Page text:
Google and Amazon may have to share more data than they would like to, otherwise, the government would be breathing down their necks.
Last year, while announcing a new series of Apple Watch, Tim Cook was careful not to dawdle on how data would be collected and how it would be shared. In fact, in a brilliant strategy, it was time and again re-emphasised that the data collection was in the interest of research. Of course, Apple being Apple did mention that data would be anonymised and collected only after user consent. But then who would not consent to science.
This year’s online event was no different. Apple, repeatedly, harped on the fact that privacy was an essential area of focus for the company, and would not be breached in pursuit of gains. Apple is not the only company to regurgitate on privacy, TikTok, after accusations of handing consumer data to the Chinese government is looking at shifting headquarters.
More recent, Garmin announced a partnership with PhysioQ to do Covid research. Garmin watches will collect information on SpO2 and other parameters and relay them to PhysioQ, which would receive anonymised information. A day after the announcement, Garmin was hacked, and we still don’t know if there has been a data breach. It is also not clear if one could opt-out of the study. But then again it supports science, so why would anyone opt-out. They’d be selfish to.
Data collection for health tech firms is easy. Science is often evoked in the name of data collection. And, if nothing else works companies block out a few essential services and the consumer is back on track on sharing. For social media entities and other services, data collection is a bit difficult. Science is the last thing Facebook or Instagram can talk about. Howver, they can still block users out. But as privacy becomes important and people take notice of the billions being made using their data, collection and sharing may not be so easy.
India is one of the countries which is working towards making data a commodity. This month, the Kris Gopalkrishna committee came out with the eagerly awaited draft non-personal data protection bill. Among the many highlights, the critical point was the clause about user consent on data sharing and setting up of a data market. If India is successful in this endeavour, it will be one of the first attempts at formalising data flow.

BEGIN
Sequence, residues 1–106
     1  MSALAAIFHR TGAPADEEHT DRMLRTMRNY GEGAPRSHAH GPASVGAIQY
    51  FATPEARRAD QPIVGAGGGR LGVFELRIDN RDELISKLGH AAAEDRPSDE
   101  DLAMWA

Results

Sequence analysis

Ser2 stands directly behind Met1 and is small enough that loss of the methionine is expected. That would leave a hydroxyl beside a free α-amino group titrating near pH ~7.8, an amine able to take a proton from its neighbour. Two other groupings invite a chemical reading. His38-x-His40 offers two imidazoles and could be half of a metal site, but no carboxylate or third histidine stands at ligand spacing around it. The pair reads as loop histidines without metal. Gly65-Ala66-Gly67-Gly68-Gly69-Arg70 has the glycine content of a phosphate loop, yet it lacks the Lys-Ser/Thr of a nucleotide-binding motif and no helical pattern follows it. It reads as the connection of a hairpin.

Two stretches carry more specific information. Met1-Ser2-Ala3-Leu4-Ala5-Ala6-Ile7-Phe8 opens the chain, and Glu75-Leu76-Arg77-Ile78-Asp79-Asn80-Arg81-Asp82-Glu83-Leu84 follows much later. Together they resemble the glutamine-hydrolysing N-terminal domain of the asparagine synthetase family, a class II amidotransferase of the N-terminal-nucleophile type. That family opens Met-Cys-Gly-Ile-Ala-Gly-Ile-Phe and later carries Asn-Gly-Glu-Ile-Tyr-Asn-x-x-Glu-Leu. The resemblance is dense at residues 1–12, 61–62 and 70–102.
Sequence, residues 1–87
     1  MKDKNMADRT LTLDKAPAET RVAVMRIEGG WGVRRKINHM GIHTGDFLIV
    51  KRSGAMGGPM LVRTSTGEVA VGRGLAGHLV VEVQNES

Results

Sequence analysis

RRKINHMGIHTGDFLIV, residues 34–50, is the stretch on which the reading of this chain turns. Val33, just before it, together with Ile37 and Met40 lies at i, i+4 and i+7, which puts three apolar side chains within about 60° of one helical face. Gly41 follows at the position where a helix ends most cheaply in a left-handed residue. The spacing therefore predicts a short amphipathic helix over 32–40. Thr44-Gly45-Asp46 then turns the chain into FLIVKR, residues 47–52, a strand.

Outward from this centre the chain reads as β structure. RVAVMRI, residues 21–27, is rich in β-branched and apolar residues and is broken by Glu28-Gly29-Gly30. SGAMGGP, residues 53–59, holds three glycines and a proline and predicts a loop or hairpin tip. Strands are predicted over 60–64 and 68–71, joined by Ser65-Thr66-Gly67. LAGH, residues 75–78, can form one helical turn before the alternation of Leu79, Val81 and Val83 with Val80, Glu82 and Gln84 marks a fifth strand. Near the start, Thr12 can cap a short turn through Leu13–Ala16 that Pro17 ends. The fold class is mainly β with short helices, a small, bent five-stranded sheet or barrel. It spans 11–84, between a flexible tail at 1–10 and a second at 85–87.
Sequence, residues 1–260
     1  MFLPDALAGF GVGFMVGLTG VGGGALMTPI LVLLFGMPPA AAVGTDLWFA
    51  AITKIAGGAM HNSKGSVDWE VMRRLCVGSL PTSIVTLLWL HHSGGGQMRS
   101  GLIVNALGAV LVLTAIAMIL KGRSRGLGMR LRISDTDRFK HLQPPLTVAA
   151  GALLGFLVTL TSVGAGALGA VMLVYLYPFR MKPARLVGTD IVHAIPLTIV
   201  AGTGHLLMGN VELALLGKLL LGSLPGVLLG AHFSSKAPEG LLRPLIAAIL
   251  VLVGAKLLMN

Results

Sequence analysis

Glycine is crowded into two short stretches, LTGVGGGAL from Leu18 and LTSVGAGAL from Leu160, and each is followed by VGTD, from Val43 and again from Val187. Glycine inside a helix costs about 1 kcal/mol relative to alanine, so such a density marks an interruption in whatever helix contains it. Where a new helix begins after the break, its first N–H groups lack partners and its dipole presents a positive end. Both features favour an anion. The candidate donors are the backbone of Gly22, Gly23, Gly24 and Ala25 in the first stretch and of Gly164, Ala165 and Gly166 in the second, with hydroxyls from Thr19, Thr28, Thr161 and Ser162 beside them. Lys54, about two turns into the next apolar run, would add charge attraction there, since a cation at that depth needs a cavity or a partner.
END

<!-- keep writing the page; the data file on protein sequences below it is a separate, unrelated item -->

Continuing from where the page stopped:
But what does it mean for the consumers? Google and Amazon may have to share more data than they would like to, otherwise, the government would be breathing down their necks. However, consumers may not benefit any time soon. The details on whether companies can refuse service if a consumer does not share her data are not clear. If it can, then we are back to square one.
It is only a matter of time, though, before consumers start gaining. Once a market is in place, price discovery would reveal how much data points are worth and before companies find the government breathing down their necks again, they will start shelling out for collection for data. But conversely, this would also mean they would start charging for services. So, if you do not wish to share, Gmail would not be free. But if you do, then payment is in the form of data they collate.
The idea may seem utopian at present, but the world is moving towards it. One of the crucial chapters in economic thinking is the study of surplus-value. Marx’s entire work was predicated upon the study of surplus value in the capitalist system and the exploitation of labour.
In a digital economy, it is difficult to determine what surplus-value would be. After all, the only commmodity of value that companies are generating is data. Data relations, and therefore capitalist relations are different. But ultimately it all comes down to one question.
Whose data is it anyway?